CBS NEWS / AP Five years after the first legalization of marijuana by Colorado, a new study shows that the bad effects of pots cause more people to be sent to the emergency room.
Inhaled marijuana caused the biggest problems in a large hospital in the Denver area. Marijuana-infused food and sweets, called food, also caused problems. Patients went to the emergency department with symptoms such as repeated vomiting, racing hearts and psychotic episodes.
The study published in Annals of Internal Medicine on Monday came from stories of tourists in need of emergency care after consuming too many marijuana gums.
"It was hard to know if these were just anecdotes or if there was a true phenomenon," said lead author Andrew Monte of UCHealth University of Colorado Hospital.
Three Colorado deaths associated with edible products also led to the study.
The emergency room records from Monte's hospital show a threefold increase in marijuana cases since the state made the first sale of recreational marijuana in January 201
In 2012, the emergency department saw on average one patient with a problem caused by marijuana every other day. By 2016, it was two to three a day. This is not enough to flood the emergency room, said Monte, but stresses an already loaded system.
Most people can safely use marijuana, Monte said, but with its increased availability and higher THC concentrations, "we may see more disadvantage." Drug reactions, "he said.
THC is the part of marijuana that drives people up.
A growing cannabis industry is promoting the drug as a panacea while downplaying dangers, said Erik Messamore, a psychiatrist Northeast Ohio Medical University, which has not been involved in research, has now approved marijuana at least for medical purposes in more than 30 states New Jersey is the 11th state to offer recreational potential The US government considers marijuana illegal.  "One can not trust the people who sell the drugs to take the risk," said Messamore, calling for warning signs similar to those on tobacco products.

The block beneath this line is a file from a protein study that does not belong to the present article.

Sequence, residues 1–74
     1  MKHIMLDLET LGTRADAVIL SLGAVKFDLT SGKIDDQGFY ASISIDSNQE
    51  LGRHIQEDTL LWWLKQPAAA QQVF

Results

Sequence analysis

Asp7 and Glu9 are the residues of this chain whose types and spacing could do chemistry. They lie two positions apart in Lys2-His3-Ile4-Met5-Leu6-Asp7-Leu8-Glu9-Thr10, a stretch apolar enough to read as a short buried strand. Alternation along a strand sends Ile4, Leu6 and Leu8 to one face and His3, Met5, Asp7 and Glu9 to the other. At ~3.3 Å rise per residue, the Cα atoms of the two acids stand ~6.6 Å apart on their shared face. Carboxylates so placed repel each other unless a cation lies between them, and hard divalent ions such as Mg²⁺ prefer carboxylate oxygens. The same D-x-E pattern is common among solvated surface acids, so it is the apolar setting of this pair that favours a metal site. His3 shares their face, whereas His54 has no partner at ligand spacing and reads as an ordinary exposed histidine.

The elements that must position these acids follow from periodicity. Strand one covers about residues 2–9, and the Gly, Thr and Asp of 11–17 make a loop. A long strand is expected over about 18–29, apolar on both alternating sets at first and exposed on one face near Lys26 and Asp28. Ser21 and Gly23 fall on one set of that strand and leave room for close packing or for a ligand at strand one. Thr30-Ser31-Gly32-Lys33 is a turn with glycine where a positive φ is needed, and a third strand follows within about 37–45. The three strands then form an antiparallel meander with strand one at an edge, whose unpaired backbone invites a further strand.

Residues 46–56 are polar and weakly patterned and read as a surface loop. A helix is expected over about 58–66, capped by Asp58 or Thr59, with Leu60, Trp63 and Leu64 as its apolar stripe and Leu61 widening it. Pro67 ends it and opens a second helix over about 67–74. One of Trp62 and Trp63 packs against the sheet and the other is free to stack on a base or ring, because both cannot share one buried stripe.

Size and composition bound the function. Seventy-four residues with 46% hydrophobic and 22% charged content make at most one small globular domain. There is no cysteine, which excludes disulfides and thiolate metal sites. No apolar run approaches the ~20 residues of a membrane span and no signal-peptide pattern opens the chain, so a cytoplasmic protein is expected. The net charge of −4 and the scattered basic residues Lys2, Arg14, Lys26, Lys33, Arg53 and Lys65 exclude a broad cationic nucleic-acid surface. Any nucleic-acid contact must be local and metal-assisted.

The analysis confirms edible is trouble THC content was less than 1 percent of total cannabis sales, but 11 percent of ER visits were caused by food.
Monte s argued that food was too dangerous to participate in the leisure market. Slow to get in, their effects take too long for a good party drug, he said. They work better for those who want to use them as medicine.
However, information on safe dosing is missing, as the Denver-based Arlene Galchinsky learned. She took a marijuana gum for pain next to a prescription narcotic and became so disoriented that her husband was called a paramedic. Galchinsky, 79, did not go to the emergency room, but the experience confused her.
"It was extremely scary," she said of the feeling. "When was that supposed to go away? It was so scary."
In the government-funded study, 2,567 emergency visits to hospital in Denver from 2012 to 2016 were caused by marijuana. Nine out of ten cases were based in Colorado. Seventeen percent of the visits were due to uncontrolled vomiting. It was mostly from inhaled marijuana, not from food.
Twelve percent of cases involved acute psychosis, in which people without mental disorders lose contact with reality in the past. This was more common with food.
Findings follow a study published last week which found that people who smoked strong marijuana daily were diagnosed with psychosis three times more often than people who never consumed the drug. Intoxications and heart problems were other common complaints in the hospital study in Colorado.
In an editorial, Nora Volkov, director of the National Institute for Drug Abuse, called for further research into the benefits and harms of marijuana. She and co-author Ruben Baler said the findings underscore the need to educate physicians about the importance of cannabis screenings and possible health effects. They also wrote that there is an "urgent need" for greater control of manufacturing and labeling as marijuana use increases with state legalization.